Welcome to basics week at Neurotic Physiology! This post covers part two of brain neuroanatomy, using Sci's OWN BRAIN as reference. Yes, I am awesome. I know.
Ok, so I thought I would be able to do this brain stuff in TWO entries, but I think it might have to be three. After all, the brain is a wondrous, glorious world of awesome, and MY brain in particular is especially nice. Last time I talked about the outer features of the brain and the division of the brain into traditional lobes of form and function. So today I'm going to give a brief intro to things with arcane sounding names, like dura mater and the choroid plexus, and talk about why it's ok that your brain is full of holes.
So let's begin!
What I want you to focus your attention on here are the outer edges of my brain. Right here:
What I've shakily outlined for you in the photo above are two of the three kinds of coverings that surround your brain. We'll get to the third covering once I've covered the first two. Why three coverings, you say? Because, contrary to a certain amount of popular belief, your brain isn't actually rattling around in your skull. Instead, it is surrounded by three layers of...stuff...one of which is filled with fluid, leaving the brain floating comfortably surrounded like a baby in a womb.
The outer of these layers is the one that I've lined in yellow. We call this the "dura mater", which literally means "hard mother". And it is a HARD motherf**ker. Seriously, you can't rip this stuff. We have some accompanying our neuroanatomy brains. I don't want to know how old it is, but it still looks just as good as the day it was pulled out. In interesting medical terms, a subdural hematoma is when you tear veins in your head, and blood builds up in your dura. Very nasty.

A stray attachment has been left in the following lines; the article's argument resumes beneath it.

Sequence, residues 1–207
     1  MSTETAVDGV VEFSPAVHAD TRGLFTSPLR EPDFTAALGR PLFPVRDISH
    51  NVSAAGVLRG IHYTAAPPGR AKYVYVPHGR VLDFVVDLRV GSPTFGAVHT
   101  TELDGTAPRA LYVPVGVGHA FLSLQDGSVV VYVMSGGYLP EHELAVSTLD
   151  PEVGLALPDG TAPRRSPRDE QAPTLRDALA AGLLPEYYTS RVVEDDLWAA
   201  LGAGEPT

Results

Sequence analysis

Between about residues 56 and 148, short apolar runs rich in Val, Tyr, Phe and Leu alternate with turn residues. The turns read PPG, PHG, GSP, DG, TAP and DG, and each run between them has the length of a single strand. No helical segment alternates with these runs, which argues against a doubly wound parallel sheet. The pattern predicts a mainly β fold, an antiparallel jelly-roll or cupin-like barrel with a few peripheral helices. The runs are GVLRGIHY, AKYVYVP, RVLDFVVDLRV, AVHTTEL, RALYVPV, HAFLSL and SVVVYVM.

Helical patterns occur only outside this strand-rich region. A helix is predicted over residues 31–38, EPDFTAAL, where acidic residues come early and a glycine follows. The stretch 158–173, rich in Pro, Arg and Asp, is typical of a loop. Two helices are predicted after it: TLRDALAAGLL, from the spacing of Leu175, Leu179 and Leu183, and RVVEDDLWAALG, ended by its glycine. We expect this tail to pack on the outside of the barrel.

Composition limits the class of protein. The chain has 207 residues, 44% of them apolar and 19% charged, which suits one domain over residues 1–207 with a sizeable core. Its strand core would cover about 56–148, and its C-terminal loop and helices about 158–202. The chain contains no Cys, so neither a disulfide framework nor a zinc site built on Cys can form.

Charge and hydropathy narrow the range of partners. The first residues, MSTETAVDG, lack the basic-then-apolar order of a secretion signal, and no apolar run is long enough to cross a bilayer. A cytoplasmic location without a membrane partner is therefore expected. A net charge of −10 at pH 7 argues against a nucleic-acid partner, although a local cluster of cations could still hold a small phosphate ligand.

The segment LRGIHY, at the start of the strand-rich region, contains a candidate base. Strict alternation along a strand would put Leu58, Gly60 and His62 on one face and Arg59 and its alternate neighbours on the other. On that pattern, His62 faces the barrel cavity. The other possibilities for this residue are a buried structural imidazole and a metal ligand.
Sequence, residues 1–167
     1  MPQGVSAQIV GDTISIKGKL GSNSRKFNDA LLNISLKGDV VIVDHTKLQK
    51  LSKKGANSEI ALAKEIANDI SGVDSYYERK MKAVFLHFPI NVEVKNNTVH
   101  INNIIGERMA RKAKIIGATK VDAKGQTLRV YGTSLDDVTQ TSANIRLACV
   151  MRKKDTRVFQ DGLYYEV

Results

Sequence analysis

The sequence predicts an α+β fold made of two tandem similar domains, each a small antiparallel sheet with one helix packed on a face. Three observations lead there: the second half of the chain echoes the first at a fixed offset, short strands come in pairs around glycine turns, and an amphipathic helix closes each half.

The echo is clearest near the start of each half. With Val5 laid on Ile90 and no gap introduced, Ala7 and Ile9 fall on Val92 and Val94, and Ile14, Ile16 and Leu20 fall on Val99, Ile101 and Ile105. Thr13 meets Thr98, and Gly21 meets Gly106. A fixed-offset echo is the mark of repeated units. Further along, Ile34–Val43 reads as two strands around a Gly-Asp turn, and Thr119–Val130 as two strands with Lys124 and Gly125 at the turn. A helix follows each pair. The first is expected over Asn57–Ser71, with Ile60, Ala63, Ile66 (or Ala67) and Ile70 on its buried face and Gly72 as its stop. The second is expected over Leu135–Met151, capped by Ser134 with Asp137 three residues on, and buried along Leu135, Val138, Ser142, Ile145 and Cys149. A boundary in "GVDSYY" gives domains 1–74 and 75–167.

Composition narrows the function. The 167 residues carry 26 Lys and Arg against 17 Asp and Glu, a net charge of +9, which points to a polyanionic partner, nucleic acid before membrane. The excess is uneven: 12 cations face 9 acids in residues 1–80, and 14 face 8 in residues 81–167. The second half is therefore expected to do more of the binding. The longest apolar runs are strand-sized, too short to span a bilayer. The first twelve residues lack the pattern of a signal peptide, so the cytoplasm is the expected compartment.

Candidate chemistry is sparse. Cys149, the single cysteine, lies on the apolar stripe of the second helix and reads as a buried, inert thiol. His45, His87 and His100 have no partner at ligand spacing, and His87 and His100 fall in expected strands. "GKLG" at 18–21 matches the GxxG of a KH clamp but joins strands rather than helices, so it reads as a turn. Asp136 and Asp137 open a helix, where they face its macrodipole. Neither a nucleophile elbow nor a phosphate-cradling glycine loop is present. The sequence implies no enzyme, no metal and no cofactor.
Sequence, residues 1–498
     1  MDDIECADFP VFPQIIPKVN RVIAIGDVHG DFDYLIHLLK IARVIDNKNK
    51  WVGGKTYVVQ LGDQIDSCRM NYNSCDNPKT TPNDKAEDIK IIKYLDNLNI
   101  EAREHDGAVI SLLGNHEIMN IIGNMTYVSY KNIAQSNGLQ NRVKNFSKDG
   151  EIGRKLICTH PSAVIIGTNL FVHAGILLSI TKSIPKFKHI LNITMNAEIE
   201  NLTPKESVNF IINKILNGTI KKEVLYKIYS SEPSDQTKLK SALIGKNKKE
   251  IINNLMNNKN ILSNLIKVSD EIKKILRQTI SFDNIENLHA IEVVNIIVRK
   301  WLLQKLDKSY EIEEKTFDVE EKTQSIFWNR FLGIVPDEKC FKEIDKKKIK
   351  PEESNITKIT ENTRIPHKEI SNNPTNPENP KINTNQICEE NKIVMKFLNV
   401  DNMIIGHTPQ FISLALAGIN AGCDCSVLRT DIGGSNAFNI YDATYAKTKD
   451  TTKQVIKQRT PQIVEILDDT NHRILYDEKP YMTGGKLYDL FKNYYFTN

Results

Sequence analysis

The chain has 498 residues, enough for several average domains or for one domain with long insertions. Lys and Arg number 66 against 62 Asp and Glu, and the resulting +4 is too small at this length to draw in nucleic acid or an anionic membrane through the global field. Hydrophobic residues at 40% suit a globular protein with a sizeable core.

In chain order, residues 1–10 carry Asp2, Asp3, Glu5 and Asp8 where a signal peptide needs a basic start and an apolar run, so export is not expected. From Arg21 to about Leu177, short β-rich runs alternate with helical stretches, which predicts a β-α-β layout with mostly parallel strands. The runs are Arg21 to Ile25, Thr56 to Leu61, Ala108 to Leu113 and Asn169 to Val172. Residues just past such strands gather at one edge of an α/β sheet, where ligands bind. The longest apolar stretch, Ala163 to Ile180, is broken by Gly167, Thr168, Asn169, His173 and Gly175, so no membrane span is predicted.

The middle of the three layers is scribbled in in red. This is the arachnoid mater, which means "cob-web like". It's a thicker layer, as you can tell, and very soft, filled with cerebrospinal fluid. Cerebrospinal fluid is one of the little known heroes of your brain. It surrounds and fills every crevice, and produced in volumes of almost half a liter a day! This is the cushion your brain relies on most to get it through the bumps and bruises of life. I might add that it is also pretty easy to make up in the lab.
So where do we get these vast quantities of cerebrospinal fluid? From here:
that clumsy outline you see in green outlines my very nice, clear choroid plexus. The choroid plexus is a dense network of capillaries that are constantly making cerebrospinal fluid. When you take them out of the brain, they look like little fluffy fan sponges.
So under the arachnoid layer, there is one further layer. Unfortunately, it's going to take some advanced in technology before we see one of those on a brain scan. The pia mater (meaning "tender mother") is a thin, delicate layer, so close to your brain that it thinly veils each sulcus and gyrus. Getting one of these off your brain in order to dissect is ANNOYING.
Ok, so you might have noticed that the choroid plexus on either side appears to be in holes in my brain. My brain is full of holes. Believe me, this is not an uncommon occurance. Everyone's brain is full of holes, though some of course have more than others. There are four main ventrcles, with various channels running between them. These ventricles are what circulates your cerebrospinal fluid. Two two you can see here:
Are the paired lateral ventricles, while the third and fourth ventricles are more easily seen on the midline, here:
The first and second ventricles vanished and were squished away during development. Each ventricle contains a separate choroid plexus to supply the brain with cerebrospinal fluid, though you can only see the ones in the lateral ventricles in my scan.
And with that, folks, Sci is going to call it a night. Tune in next time (which may be next week) for the final installment of the awesomeness that is Sci's brain!!